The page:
Bananas are now ubiquitous in Japan, but not so long ago, they were difficult to find and very expensive. My husband remembers a time in the mid-1950s when one piece of banana cost 40 yen. The average monthly salary of new college graduates then was 5,000 yen.
Just as Filipinos once dreamed of eating apples because they were exotic, so did Japanese like my husband yearn for bananas (his mother, however, said: “maybe next time”). Even now, some bananas are sold in single, carefully wrapped pieces at 285 -350 yen each, far more than the 35-45 pesos that they would cost per bunch in the Philippines. There are Hello Kitty bananas that sell for 115 yen each, if bought in batches of ten pieces.
In May 9, 2015, the Takashimaya Department Store in Shinjuku, Tokyo carried 59 limited-edition Dole premium bananas. Developed out of a hybrid of 100 bananas and grown at 500 meters above sea level, this Gokusen variety was supposed to be 36.5% sweeter, 33.4% more fragrant, and 40% better-textured (don’t ask me how Dole’s R&D arrived at these stats!). Each banana, weighing 200 grams, was packed in a special box and sold for 590 yen.
Bananas are still the top fruit import for Japan in terms of volume and value. In 2015, Japanese imported 959,000 tons of bananas, a decline from the peak import of 1.079 million tons at the height of the banana craze in 2008-2009. (The latest national craze is for kiwifruit.)
Until the 1970s, Japan had to get its bananas from Taiwan and Latin America, of which Ecuador remains the leading exporter. By the end of the twentieth century, nearly 90% of the bananas consumed in Japan came from the Philippines, even though the Philippine share of the global market for bananas was only 10%. But typhoons have wreaked havoc on plantations, and the price of bananas has increased over the past year. Because China’s emergence as a leading importer of Philippine bananas has made it difficult for Japanese importers to secure steady supplies, companies like Royal (based in Kyoto) are now looking to source their bananas from other countries such as Vietnam and Mozambique.
The bananas one finds in Japanese supermarkets—prominently branded as Philippine –are almost always the Cavendish sort. “Señorita”-type petite bananas like Ladyfingers and Orito appear once in a while and are targeted at children, but Cavendish lords it over all the imported fruit in Japan. More recently, “Midio” bananas from the Philippines–medium-sized Cavendish—have come into the market.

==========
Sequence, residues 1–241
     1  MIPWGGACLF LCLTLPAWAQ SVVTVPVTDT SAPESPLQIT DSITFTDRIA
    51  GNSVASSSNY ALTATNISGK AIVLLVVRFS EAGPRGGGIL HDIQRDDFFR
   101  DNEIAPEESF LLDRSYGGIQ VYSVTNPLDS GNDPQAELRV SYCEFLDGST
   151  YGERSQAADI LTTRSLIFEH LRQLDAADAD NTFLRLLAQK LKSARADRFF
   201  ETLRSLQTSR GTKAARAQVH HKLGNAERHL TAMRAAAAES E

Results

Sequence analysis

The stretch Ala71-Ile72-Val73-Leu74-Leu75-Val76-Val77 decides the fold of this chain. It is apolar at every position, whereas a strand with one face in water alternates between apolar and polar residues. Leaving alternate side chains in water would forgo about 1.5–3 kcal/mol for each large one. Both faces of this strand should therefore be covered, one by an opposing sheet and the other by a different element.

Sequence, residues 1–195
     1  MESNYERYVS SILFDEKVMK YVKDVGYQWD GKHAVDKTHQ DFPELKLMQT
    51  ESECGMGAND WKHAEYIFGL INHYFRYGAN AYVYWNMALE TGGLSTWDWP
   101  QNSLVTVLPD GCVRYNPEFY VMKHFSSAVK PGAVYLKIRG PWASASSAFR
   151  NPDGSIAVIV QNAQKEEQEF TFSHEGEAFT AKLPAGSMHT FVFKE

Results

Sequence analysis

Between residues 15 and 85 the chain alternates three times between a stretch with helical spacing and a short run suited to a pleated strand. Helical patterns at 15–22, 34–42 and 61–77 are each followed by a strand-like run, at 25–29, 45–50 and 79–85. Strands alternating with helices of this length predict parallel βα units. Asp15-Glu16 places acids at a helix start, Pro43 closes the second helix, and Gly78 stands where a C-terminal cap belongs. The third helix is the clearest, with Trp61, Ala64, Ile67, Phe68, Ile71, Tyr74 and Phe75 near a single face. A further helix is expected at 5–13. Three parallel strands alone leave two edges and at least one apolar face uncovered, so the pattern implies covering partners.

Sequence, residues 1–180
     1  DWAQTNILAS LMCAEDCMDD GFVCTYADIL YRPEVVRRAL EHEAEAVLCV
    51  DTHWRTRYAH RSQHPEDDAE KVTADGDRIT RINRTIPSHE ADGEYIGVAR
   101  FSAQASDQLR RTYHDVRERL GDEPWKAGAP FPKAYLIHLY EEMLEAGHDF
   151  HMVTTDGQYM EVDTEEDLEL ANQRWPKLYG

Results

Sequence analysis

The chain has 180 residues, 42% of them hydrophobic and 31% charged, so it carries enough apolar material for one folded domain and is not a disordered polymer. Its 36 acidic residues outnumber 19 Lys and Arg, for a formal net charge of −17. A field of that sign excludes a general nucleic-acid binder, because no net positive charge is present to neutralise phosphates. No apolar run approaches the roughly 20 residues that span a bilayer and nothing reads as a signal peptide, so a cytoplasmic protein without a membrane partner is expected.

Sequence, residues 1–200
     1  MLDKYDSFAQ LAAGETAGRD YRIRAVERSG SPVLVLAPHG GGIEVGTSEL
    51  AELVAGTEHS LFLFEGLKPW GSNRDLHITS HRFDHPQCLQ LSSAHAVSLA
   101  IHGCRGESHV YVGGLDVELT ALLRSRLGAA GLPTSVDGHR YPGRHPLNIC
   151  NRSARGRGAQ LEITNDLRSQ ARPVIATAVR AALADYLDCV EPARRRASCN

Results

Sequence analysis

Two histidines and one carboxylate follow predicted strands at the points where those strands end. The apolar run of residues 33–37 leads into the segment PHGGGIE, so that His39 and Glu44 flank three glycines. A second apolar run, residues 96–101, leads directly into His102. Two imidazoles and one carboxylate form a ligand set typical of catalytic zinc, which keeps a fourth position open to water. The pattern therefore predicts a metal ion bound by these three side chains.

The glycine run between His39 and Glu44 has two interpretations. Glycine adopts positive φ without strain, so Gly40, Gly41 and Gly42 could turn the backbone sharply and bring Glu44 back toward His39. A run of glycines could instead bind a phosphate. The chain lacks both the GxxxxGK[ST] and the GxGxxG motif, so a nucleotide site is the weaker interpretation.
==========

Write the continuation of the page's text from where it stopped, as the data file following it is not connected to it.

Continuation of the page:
Banana is eaten with yogurt, blended into shakes, and used in cakes. Tokyo Banana (東京ばな奈, the company’s name a pun) sells 4 billion yen’s worth of steamed sponge cakes filled with banana custard every year.
Filipinos who are used to eating latundan, lakatan, and saba back home find the Cavendish variety rather bland. A recent essay in Nikkei Shimbun quoted an American commodities trader as saying “A banana is a banana,” meaning all bananas taste alike. The Japanese writer then went on to argue that while this may be true of bananas, Japanese can and do distinguish melons by their quality and price them accordingly.
The essayist is wrong. A banana is not just a banana, for there are many kinds, and taste does matter with bananas as much as melons. My friend Jojo Abinales tells me that the banana farmers who work next to the Dole plantation in southern Mindanao are puzzled by the Japanese preference for Cavendish. When told that the Japanese like this kind of banana for its large size, its uniform yellow color, and its relatively unblemished skin, the farmers ask: “Why eat Cavendish when it has no taste?” Cavendish bananas are what they feed their carabaos and pigs.
Japanese importers have been trying to find and sell bananas that bruise less easily because the Japanese consumer will settle for nothing less than goods without physical “flaws.” But in fact, the black or brown “blemishes” are “sugar spots” (Pinoys call them “kalawang”, lit., rust) that appear in the final stage of the ripening of the banana, and are much prized in the Philippines. The plump, creamy, pale- and thin-skinned latundan (apple banana or silk banana) can only be eaten once it is completely ripe, and the black spots indicate the sweetness of the fruit. The yellow-orange, long-fingered lakatan—pisang berangan in Malaysia and Indonesia and kluai hom maew and kluai ngang phaya in Thailand–is rich in vitamin B-carotene. Saba, a plantain and therefore starchier and less sugary, is best served boiled or else rolled in brown sugar or wrapped lumpia-style with a sliver of langka (jackfruit) and fried.
Variety, price, and availability all season make the banana the most common fruit eaten in the Philippines. Nutritionists say that bananas are rich in vitamins, more so than apples, but this scientific information, for me, is less impressive than the fact that Elvis Presley’s favorite snack was peanut butter and banana sandwich–mashed ripe banana and peanut butter between a couple of layers of bread, toasted under the grill. Elvis ate four or five of them at a time when he was posted in the American base in Germany. Talk about comfort food!
In May 2015, latundan could be found in supermarkets like Fresco under the brand name “Banapple” and the slogan “The black spots tell you the banana is good to eat”. The sad thing, though, is that it’s harder and harder to find latundan in Philippine supermarkets these days.
Note: An earlier version of this essay appeared in “Letters to Narcissus”